Bankers and Indonesian government negotiators were searching for a broad agreement on a bailout plan for Indonesian businesses owing nearly $80 billion to foreign lenders.
The parties continue to talk and review the proposal presented by the Indonesian group, said Andy Tuck, a spokesman for Chase Manhattan Corp which is co-chairing the talks at its Manhattan headquarters with Germanys Deutsche Bank AG and Japans Bank of Tokyo-Mitsubishi Ltd.
At this point, everybodys meeting, everybodys talking, and were not divulging any details, he said.
The negotiators were considering a plan put forth by the Indonesian government that would extend private debt payment schedules by up to eight years, said a source familiar with the talks.
The proposal also would establish a government-backed fund to guarantee repayment, the source said.
The International Monetary Fund has offered technical assistance to manage the programme.
Scores of Indonesian companies are technically bankrupt, and are unable to meet payments on loans made in foreign currencies because of a dramatic fall the value of the rupiah.
The rupiahs collapse last July has resulted in soaring inflation and mass unemployment, and has led to student protests and some rioting.
Indonesias central bank said in Jakarta recently that the countrys total external debt as of April 3 was $133.7 billion. It said corporate foreign debt was $80.2 billion.
This included $67.7 billion owed by the private sector as well as $12.5 billion owed by state-controlled enterprises, some of which are part privately owned or have been earmarked for privatisation. The central bank said the government owed $53.5 billion in long-term loans.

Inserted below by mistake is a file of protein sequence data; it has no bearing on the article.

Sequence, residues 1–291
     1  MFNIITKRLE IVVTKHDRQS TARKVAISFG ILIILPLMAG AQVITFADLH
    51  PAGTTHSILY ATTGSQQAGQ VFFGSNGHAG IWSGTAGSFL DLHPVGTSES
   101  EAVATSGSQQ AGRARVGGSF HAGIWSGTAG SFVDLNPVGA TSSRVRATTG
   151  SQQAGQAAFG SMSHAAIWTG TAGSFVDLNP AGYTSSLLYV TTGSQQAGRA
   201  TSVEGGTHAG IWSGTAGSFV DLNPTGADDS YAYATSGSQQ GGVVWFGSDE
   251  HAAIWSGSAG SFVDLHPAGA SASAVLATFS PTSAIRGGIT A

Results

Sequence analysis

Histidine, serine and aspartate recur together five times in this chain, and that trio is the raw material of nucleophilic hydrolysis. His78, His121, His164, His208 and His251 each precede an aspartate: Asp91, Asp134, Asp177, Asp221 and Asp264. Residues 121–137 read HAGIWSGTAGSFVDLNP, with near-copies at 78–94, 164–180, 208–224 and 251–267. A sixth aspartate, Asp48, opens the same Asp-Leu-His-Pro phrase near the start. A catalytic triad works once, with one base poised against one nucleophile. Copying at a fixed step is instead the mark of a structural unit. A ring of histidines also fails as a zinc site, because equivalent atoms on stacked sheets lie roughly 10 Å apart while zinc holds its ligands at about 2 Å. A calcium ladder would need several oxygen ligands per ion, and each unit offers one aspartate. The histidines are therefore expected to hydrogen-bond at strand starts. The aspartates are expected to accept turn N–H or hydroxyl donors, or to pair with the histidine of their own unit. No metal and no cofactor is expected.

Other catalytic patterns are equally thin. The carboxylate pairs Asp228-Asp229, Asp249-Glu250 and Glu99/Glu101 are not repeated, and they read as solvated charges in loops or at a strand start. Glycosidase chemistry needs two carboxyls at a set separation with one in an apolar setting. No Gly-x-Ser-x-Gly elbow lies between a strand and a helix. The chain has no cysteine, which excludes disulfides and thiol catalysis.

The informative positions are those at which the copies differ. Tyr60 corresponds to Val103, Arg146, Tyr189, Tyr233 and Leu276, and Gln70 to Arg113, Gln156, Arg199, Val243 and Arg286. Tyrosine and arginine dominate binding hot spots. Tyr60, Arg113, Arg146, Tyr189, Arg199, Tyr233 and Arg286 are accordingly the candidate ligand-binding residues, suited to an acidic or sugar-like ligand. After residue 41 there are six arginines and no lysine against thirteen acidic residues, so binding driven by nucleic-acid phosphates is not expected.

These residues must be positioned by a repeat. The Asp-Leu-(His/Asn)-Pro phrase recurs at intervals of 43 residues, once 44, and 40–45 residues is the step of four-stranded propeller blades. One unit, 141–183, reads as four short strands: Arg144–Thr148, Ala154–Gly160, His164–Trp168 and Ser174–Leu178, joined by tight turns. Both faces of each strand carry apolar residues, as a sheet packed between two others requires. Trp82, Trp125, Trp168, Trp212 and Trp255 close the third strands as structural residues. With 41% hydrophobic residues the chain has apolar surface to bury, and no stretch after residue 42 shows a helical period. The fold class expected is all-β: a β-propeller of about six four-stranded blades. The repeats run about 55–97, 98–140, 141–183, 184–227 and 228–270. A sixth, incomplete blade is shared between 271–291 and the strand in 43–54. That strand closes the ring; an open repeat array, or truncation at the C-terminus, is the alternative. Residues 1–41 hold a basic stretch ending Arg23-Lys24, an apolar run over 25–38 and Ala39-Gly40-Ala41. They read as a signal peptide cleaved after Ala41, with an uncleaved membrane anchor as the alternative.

The proposal under discussion is modeled on the so-called Ficorca plan, established for Mexico in 1983, which established government guarantees for private debt, and set a trading range for the local currency to protect investors from sharp fluctuations in foreign exchange rates, the source said.
A debt restructuring agreement is necessary to back up a $43 billion bailout for Indonesia, agreed to last week with the IMF. The deal requires Indonesia, the worlds fourth-largest economy, to dismantle most monopolies.
In addition to the big three banks leading the New York talks, 10 other institutions taking part were The Netherlands ABN Amro, Bank America Corp., Banque Nationale De Paris, Citicorp, Hong Kong Shanghai Bank, Korea Development Bank International, The Overseas Chinese Banking Corp., Japans Sanwa Bank Ltd and Sumitomo Bank Ltd, and UKs Standard Chartered Bank.
A nine-member team representing the Indonesian government is chaired by a former finance minister Radius Prawiro.